New Orleans King Cake is a Carnival staple- a local delicacy rich in taste, history, and tradition.

King Cake parties go hand in hand with Mardi Gras as perfect opportunities to do what we do well here in Louisiana- pass a good time!

King Cakes traditionally are braided dough oval cakes baked with a small plastic baby inside.

The top of the cake is covered with sugar in traditional.

Friends, neighbors, family, and Krewe members partake in the delicacy, and the person who receives the slice of cake with the baby keeps with tradition by hosting the next King Cake party.

New versions of the New Orleans King Cake take the Mardi Gras season by delicious surprise.

Case in Carnival point…

Cochon Butcher 

What’s not to hunka hunka burning love about The Elvis King Cake exclusively from a Cochon Butcher.

Braided yeast bread filled with peanut butter & bananas, marshmallow topping, candied bacon, sprinkles, and the cutest little plastic pig is Carnival culinary genius.

Fornasetti-crown-plateAll this talk of King Cakes and Carnival has me thinking King Cake party.

I’m presently without camera, but not without recipe.

This recipe cuts to the King Cake chase by using refrigerated crescent rolls as well as packing big almond flavor.

King Cakes aren’t necessarily good for the waistline, but they are good for the soul.

Crescent City Crescent Roll King Cake


2  cans refrigerated crescent rolls

¼ cup granulated sugar

¼ cup firmly packed brown sugar

1 teaspoon allspice

1 teaspoon cinnamon

½ cup almond paste (see recipe below)

½ cup finely chopped pecans

1 stick butter,  melted

For Almond Paste

1 ½ cups whole blanched almonds

1  2/3 cups powdered sugar

¼ cup egg white

½ teaspoon almond extract

For Glaze

1 cup powdered sugar

½  teaspoon pure vanilla flavoring

1  teaspoon almond extract

1 Tablespoon milk

For Colored Sugars

1½ cups granulated sugar, divided into 3 equal parts

red, blue, green, and yellow food coloring


For Almond Paste

Using a food processor grind the almonds into a fine powder (this should take about 2 minutes).  Add powdered sugar, blending well.  Place mixture in a large mixing bowl. S tir in egg whites and almond extract until smooth. On a flat surface Lightly dusted a flat surface with powdered.  Roll out almond paste into a 14″ x 1-2″ log.  Wrap in parchment paper and chill for a minimum of 1 hour.  When rested, cut the log in two pieces.  Wrap in wax paper and chill.

~recipe from Food.com

For King Cake

Preheat oven to 350ºF.  Unroll crescent rolls -do not separate- and place on baking sheet that has been sprayed with non-stick cooking spray.  Lightly press crescent rolls at seams to seal.  Mix allspice, cinnamon, granulated sugar, and brown sugar together.  Brush crescent rolls with melted butter. Spoon prepared sugar mixture over crescent rolls.  Drop almond paste by teaspoonfuls over the top of the crescent rolls.  Top with chopped pecans.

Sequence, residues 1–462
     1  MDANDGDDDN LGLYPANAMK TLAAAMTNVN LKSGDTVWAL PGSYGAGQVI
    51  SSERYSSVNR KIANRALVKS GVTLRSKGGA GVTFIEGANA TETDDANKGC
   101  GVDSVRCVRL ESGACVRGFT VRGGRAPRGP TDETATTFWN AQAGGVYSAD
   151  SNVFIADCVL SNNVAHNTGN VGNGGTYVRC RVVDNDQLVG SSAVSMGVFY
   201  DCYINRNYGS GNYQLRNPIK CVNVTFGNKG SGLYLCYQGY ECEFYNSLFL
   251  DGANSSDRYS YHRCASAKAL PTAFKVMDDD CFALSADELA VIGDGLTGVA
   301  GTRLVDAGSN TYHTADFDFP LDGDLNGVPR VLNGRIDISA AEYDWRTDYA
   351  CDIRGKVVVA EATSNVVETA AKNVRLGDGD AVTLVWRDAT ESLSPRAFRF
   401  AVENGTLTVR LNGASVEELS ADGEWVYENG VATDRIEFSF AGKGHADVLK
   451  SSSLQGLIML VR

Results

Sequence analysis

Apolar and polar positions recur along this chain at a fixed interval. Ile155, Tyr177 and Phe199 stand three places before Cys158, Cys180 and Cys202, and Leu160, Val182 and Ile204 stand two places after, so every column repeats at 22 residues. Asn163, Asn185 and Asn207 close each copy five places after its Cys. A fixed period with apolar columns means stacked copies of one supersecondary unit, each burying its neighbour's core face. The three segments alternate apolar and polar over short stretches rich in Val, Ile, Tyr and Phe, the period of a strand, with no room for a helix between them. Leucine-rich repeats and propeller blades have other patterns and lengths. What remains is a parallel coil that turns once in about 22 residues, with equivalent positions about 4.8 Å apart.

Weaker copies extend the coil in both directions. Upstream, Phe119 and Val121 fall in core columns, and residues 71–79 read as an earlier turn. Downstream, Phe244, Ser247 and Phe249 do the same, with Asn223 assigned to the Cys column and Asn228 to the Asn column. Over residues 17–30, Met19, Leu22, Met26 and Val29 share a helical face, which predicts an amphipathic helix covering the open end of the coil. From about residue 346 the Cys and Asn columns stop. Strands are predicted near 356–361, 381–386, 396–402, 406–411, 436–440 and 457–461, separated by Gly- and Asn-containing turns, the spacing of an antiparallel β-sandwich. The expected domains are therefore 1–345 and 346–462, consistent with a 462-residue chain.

Begin at the long end of crescents and carefully roll into a log similar to a jelly roll.  Bring ends together, pinching together to form a ring.  Bake at 350ºF for  20 to 25 minutes, or until golden brown.  Allow to cool to room temperature.

For Glaze

In medium mixing bowl, whisk add all ingredients together until smooth. Drizzle glaze over top of King Cake.

For Colored Sugars

Divide the 1½ cups sugar evenly into three separate cups or small bowls. For the purple color, add one drop of red and one drop of blue food coloring to ½ cup sugar.  Add 2 drops yellow to the second ½ cup of sugar to make the gold sugar, and add 2 drops green to the last ½ cup of sugar to make the green sugar.  Gently blend sugar with food coloring(s). Sprinkle top of cake with colored sugars in color block form by alternating colors. Follow with desired decorations.

Cut me a piece of New Orleans King Cake, mister!





























Carnival Season, A History Lesson and A King Cake Cupcakes Recipe

Have you heard the news?  New Orleans, Louisiana and the Mississippi Gulf Coast is throwing a Mardi Gras party!  It’s a Louisiana lagniappe-laissez les bons temps rouler-throw me something, mister atmosphere down here, and here’s a bit of background.  Carnival season begins on the 12th night of Christmas, which is also know as Epiphany.  Until Ash Wednesday, ’tis the season to celebrate Mardi Gras.  Revelers gather to pass a good time, attend masked balls, indulge in decadent food and drink offerings, parade party with the Krewes and carry on traditional traditions.


A custom still celebrated is the King’s Cake.  King Cakes are made of a cinnamon filled dough in the shape of a hollow circle, glazed with topping and sprinkled with sugar in the colors of Mardi Gras- purple, green and gold.


Purple signifies justice.

Green represents faith.

Gold denotes power.

A plastic baby is baked inside the King Cake, and tradition says whoever gets the baby in their piece of cake has to buy the next King and host the next party.


King Cakes are a diversified delicacy- baked, filled and decorated in different ways based on bakery, tradition and territory.  Different strokes and tastes for different parishes as it goes.  These Mardi Gras favorites are sold by the thousands during Carnival season.

mardi gras king cake